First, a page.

About 20 decommissioned traffic lights from one of the country’s busiest intersections, near Grand Bazaar, have been recycled to create a Christmas-tree “sculpture” near the Churchill-Roosevelt and
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Riding the fairy
Recently in the grocery I heard a customer say to the cashier: “Keep your eye out for the fairy.” I was intrigued until I realised that he meant the inter-island ferry, the T&T Spirit, on which I am now, heading to Trinidad for a one-day visit. “Hello! The line start from the bin go back!” the woman in uniform says firmly to the line of bleary-eyed passengers gathering for breakfast at the fairy’s cafeteria. One or two of the people give her a cut-eye and a man in a red T-shirt calmly appeases them: “Leave she, let she have she day.”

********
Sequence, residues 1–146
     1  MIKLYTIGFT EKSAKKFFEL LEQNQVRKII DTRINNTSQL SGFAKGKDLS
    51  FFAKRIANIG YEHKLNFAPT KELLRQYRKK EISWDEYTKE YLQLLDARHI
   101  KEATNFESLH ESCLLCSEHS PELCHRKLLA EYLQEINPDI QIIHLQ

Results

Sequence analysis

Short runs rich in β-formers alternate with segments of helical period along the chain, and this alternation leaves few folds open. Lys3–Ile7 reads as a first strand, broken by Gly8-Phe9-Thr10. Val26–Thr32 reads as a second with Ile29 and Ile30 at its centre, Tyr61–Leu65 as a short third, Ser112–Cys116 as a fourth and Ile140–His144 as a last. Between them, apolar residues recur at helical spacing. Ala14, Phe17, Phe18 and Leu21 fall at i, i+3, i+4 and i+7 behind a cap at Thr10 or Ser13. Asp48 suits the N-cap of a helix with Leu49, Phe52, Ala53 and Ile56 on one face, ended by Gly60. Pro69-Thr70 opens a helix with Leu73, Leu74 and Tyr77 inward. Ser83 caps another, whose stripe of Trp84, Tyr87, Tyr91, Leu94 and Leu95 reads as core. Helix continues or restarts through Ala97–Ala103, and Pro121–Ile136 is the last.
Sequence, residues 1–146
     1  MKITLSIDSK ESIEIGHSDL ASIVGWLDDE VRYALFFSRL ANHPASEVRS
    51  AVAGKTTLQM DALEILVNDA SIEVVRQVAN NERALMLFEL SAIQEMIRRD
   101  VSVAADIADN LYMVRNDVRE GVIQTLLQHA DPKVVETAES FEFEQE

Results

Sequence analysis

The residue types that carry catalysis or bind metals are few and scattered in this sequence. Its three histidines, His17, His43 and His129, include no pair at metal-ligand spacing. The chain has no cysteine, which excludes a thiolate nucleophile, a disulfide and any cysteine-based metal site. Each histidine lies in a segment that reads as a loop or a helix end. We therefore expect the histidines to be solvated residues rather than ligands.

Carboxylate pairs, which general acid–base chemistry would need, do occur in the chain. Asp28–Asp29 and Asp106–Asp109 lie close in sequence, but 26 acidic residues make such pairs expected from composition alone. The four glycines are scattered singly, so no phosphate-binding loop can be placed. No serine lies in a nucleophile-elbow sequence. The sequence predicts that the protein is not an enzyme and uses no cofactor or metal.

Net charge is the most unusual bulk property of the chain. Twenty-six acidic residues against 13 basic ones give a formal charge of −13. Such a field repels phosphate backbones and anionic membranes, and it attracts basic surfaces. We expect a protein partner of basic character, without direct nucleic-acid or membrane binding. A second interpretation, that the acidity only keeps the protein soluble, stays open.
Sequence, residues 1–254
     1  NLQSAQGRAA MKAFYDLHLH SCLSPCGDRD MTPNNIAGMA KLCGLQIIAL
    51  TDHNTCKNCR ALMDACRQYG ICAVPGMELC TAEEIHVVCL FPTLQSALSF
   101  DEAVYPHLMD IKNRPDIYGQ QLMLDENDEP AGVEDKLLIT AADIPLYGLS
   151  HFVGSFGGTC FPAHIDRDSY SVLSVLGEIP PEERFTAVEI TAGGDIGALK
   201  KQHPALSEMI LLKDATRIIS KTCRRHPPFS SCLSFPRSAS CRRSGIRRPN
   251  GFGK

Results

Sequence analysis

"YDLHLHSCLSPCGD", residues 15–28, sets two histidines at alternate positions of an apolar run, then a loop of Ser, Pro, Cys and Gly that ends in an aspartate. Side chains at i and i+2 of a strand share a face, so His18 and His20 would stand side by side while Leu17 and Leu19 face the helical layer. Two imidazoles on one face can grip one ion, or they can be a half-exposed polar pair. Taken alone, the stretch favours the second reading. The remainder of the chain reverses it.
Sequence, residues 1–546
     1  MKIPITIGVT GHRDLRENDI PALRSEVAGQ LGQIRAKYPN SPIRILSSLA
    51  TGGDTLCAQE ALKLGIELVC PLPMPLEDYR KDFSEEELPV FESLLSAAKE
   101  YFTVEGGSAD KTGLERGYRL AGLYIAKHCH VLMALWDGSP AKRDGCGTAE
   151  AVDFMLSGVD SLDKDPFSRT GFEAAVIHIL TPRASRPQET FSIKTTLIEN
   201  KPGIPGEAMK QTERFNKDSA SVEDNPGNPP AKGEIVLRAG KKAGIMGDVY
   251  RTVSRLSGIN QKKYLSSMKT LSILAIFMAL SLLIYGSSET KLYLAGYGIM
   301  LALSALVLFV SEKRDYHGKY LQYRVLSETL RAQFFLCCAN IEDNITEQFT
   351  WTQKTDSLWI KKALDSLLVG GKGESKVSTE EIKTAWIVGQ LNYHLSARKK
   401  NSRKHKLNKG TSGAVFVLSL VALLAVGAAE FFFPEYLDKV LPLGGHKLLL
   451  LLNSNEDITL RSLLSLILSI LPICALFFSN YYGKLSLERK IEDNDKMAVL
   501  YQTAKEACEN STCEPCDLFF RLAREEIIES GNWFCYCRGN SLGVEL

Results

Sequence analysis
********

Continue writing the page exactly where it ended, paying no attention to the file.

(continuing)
Cut-eyes instantly soften and return to perusing the items in the glass case: saltfish, sausage, bake, hot-dog bread, salad. The sound system pipes song after song about Jesus. “I need you to satisfy my soul with Your love” a female voice croons, competing with muffled sounds of chatter, intermittent ringing cellular phones, ensuing loud personal conversations, bursts of raucous laughter and the dull thud of feet on the carpet as passengers search for their ideal seat.
A dark woman with heavy eyeshadow and a straw blonde wig (straw in colour and texture) talks and laughs with a group of men. Two lovers sitting across the aisle from me fall asleep with their heads together and are soon snoring lightly. Dotted throughout the cabin are sleeping, blanket-covered lumps curled into chairs, stretched out at the edges of corridors or wedged on the floor between rows of seats.